A few years ago, I noticed at a kokanee derby that some of the guys from California were using a different style of weight on their downriggers. At first glance, one of the cool features was that the weights could be stored in the rod holder on the downrigger. One of my pet peeves in the past had been the weights rolling around while relocating from one spot to another. With the downrigger stuck in the rod holder it solved that problem without having to add any more hardware to my boat.
The second issue that these long tubular weights solve is that they do not become hung up as easily as the traditional downrigger weight or ball. Rock climbers have for years used a method of tying off their safety line called chalking. The idea is that an irregular sized item is placed in a crack of the rock and wedged there allowing them to climb higher repeating the step once again higher up. Now with that in mind, picture your downrigger weight coming up against a stump or a couple of big boulders down on the bottom of your favorite lake. The cable will fit through a crack or between a couple of roots but when the ball touches the crack or a roots, the ball turns sideways making it even wider and wedging it’s self tightly in the crack or in the root wad of a long submerged stump. By the time you figure out that you have hooked the bottom, the forward movement of the boat wedges the weight firmly in what ever object it has come up against.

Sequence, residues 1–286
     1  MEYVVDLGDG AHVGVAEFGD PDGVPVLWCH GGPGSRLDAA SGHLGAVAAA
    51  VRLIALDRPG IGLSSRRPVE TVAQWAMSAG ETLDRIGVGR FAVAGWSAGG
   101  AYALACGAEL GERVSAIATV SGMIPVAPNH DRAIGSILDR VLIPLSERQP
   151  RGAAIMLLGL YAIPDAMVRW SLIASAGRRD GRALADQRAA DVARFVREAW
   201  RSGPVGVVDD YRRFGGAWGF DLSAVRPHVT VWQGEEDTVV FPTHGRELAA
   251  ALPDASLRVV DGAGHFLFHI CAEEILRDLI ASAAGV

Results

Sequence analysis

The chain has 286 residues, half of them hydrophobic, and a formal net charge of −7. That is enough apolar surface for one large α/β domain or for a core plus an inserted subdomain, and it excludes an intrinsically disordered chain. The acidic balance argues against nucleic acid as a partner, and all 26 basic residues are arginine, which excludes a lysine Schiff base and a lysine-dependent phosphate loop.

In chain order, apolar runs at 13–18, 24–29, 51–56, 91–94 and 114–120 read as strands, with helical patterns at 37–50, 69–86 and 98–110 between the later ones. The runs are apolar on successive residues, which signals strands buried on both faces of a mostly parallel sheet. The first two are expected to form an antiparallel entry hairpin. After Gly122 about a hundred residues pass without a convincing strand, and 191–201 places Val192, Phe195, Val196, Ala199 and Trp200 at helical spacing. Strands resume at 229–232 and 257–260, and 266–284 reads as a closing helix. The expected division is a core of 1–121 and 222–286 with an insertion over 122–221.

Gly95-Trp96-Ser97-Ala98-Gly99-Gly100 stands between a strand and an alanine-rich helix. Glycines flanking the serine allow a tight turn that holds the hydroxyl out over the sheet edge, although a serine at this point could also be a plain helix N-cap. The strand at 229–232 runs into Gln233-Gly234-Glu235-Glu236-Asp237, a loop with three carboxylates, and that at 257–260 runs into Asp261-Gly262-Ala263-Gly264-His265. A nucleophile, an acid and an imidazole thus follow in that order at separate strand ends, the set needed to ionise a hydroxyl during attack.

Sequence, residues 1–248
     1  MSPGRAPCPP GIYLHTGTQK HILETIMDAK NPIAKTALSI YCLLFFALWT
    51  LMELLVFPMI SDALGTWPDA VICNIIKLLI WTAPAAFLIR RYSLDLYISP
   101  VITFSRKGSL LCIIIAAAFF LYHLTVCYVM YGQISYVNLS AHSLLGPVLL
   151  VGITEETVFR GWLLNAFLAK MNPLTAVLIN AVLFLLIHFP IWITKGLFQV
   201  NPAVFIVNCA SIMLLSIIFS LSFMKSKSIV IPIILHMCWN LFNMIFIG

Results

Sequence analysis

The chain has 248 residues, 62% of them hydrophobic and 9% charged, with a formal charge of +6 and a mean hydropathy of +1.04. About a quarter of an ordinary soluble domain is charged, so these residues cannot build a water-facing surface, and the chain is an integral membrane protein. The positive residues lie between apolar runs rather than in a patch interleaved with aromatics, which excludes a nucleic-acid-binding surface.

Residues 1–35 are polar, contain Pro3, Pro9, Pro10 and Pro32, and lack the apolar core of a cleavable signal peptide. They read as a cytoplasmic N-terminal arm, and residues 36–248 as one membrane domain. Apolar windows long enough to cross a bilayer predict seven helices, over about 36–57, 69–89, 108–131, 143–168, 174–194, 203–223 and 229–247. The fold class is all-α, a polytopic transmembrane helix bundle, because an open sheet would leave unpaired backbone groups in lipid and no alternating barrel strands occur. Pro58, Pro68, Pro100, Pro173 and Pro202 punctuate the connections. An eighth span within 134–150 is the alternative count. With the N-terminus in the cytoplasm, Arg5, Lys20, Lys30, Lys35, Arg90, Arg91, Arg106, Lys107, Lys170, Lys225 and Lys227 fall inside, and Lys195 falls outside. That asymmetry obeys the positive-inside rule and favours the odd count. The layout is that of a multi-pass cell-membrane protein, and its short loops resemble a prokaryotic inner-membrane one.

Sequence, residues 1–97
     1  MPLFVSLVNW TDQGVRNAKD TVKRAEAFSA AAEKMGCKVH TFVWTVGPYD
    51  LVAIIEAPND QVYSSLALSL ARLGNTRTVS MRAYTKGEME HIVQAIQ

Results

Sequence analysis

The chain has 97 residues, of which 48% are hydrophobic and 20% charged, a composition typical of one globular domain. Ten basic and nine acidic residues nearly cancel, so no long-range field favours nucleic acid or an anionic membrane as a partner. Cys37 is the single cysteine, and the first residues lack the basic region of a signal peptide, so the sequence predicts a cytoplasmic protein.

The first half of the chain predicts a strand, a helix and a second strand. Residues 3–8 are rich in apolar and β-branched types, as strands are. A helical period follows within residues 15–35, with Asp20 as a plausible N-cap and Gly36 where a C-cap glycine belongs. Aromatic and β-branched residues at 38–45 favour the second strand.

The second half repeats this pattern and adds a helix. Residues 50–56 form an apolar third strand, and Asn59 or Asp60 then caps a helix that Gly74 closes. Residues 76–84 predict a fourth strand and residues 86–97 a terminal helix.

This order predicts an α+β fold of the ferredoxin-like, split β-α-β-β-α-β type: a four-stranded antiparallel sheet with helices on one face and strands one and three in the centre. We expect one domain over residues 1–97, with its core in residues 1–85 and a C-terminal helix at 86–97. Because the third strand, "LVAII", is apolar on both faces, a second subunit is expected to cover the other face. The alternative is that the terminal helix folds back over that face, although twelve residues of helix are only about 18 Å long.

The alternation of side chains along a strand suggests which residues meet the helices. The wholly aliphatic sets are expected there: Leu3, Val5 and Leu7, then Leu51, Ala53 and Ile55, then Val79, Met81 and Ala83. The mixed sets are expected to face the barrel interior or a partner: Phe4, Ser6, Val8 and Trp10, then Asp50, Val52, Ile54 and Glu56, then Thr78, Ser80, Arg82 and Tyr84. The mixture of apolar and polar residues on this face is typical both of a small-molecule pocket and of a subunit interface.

The tubular weights have a tendency to pull straight through instead of becoming wedged due to their design. I have seen a variety of different models, some made from a section of heavy rebar or a section of shaft from a hydraulic ram with an eye welded on top. Last year a friend of mine; Richard Kennedy made up some of these weights out of galvanized tubing and lead. We fished these weights all over Oregon and parts of Washington last season without loosing one to a stump or rock outcrop. Richard has made up quite a few of these and is offering them for sale through my online store; they come in 8 pound, 10 pound and 12 pound with a swivel attachment point.
You simply snap your release into the ring at the top or use a stacker clip and a release to run your line out. When fishing at 25′ or more in depth, I recommend that you use a setback of no more than four feet to your dodger.
Once these are gone, he tells me that he is not interested in making any more since there is little money to be made for the effort and also because he is retired and not looking to get a real job. If you are interested in purchasing one of Richard’s weights, check these out! Click here
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